'One Who Knows Does Not Speak...'

Good translation! A few points to comment upon…
[cite] riverwolf:[/cite]
The spirits had One and were responsive.

While shen (神) translates first as spirit, I favor using its secondary meanings, mind. It is my sense that from mind comes spirit, i.e., what we see is a reflection of our subjective experience, so I might as well just call it as I see it. There is no there, there. The objective ‘reality’ we see is an illusion mirroring our innate needs and fears. Admittedly though, I’m taking liberties in the translation. :oops:
Hence the rulers claim themselves to be powerless, small and unworthy.
Is such an action, by not being based on the unrefined, evil?
We need not even ask.

The greatest honor is no honor.
不欲琭琭如玉 珞珞如石
Not wanting to shine like jade or sparking like jewels.

The most difficult part for translators is the part in bold. I sensed some sarcasm and frustration here, so it seemed to mean that Lao Zi is complaining about rulers using refined speech to claim that they are "powerless small and unworthy".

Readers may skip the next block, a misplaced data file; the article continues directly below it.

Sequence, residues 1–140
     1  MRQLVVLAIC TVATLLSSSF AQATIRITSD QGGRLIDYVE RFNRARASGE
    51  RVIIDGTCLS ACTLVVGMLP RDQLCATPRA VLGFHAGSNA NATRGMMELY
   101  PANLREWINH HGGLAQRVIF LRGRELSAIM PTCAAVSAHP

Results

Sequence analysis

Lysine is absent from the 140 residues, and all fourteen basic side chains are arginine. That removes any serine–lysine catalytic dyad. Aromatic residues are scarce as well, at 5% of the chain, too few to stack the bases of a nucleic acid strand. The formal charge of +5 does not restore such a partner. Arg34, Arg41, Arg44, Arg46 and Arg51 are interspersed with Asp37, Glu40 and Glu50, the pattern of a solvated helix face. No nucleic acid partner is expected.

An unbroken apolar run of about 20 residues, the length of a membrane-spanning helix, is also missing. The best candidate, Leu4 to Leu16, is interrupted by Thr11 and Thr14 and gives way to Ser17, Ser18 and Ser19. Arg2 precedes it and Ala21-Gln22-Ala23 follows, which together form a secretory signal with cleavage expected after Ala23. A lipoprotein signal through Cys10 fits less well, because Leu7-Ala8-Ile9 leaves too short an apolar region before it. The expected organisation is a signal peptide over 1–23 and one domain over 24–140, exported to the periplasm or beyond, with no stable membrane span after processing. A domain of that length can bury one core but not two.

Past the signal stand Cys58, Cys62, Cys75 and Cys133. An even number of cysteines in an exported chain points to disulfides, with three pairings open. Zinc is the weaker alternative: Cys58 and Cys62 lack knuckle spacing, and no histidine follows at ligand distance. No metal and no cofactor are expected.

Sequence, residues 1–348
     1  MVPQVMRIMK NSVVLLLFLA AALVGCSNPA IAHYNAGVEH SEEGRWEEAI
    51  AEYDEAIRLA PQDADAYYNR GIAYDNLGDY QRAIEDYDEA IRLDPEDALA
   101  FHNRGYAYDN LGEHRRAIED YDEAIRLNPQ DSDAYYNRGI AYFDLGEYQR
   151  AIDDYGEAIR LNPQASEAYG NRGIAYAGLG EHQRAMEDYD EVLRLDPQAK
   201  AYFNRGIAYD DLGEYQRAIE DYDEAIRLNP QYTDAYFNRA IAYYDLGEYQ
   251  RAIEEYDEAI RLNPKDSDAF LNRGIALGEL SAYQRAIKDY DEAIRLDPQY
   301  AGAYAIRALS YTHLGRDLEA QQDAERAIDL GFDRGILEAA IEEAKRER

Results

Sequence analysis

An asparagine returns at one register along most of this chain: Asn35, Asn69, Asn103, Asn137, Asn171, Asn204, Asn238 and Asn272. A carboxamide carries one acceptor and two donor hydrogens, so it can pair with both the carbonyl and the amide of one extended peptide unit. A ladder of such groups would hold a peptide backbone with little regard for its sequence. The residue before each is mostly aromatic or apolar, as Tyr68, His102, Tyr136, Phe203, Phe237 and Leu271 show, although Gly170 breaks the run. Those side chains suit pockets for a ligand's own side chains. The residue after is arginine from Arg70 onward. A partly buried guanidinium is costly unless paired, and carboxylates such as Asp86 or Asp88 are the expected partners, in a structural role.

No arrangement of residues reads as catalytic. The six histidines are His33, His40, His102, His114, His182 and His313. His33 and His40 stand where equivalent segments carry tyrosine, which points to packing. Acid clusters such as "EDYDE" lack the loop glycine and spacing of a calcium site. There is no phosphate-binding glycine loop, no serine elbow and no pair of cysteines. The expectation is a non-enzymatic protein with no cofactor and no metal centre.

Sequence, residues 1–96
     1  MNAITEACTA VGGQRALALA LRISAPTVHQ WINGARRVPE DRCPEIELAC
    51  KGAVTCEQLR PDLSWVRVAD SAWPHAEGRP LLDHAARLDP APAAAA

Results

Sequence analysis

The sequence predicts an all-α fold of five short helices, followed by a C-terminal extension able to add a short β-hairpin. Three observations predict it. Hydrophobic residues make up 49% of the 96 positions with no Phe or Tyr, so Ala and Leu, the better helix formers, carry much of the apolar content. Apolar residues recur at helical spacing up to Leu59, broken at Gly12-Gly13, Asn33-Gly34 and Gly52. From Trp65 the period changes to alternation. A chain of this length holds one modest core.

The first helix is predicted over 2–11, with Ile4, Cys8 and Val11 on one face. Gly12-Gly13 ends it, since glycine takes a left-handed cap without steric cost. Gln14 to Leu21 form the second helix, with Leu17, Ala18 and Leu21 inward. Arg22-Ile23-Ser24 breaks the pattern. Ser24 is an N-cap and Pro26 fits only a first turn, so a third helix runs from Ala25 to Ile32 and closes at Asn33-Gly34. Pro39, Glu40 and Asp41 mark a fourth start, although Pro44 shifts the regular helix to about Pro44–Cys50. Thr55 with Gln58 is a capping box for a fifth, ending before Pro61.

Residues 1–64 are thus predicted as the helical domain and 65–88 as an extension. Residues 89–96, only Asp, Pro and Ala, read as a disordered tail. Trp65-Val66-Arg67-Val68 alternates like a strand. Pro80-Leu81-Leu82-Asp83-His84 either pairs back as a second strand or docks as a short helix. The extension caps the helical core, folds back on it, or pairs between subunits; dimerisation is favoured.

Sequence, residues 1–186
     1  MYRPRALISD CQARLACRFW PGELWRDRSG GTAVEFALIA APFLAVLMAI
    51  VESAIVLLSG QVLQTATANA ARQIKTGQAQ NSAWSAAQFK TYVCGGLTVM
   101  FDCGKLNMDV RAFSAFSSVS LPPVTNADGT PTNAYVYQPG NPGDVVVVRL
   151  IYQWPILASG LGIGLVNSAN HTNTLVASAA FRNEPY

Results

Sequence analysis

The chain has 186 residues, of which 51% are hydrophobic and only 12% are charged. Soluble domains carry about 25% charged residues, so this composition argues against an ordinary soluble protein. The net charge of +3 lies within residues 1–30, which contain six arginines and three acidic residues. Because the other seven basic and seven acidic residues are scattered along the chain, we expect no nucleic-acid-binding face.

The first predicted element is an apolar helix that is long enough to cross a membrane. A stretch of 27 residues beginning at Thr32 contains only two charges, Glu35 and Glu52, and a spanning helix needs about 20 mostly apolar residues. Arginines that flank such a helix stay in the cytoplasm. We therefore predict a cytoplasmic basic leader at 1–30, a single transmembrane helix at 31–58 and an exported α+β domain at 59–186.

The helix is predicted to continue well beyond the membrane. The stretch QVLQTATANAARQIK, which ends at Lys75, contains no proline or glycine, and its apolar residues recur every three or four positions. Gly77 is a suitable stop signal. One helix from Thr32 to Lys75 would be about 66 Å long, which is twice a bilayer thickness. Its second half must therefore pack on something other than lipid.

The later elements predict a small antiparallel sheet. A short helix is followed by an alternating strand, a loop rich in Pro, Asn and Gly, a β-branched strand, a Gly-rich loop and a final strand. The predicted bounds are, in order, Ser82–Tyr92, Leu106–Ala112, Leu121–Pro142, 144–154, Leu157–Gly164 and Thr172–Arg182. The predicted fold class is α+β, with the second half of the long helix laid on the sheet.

I have tasted the ruler position and also found myself “powerless, small and unworthy”. As they say, it is lonely at the top. This is an example of how experience and ‘knowing’ are intertwined. Furthermore, one does not actually need to be a ‘great’ ruler to experience the role of ruler. It is only necessary to fully experience the ‘upper position’ to realize how powerless, small and unworthy it actually is (and not what instinct promises us). Fully experience? That is the trick. Mundane daily life presents us with myriad ‘upper position’ and ‘lower position’ moments. We need only watch carefully to notice. Only? :roll:
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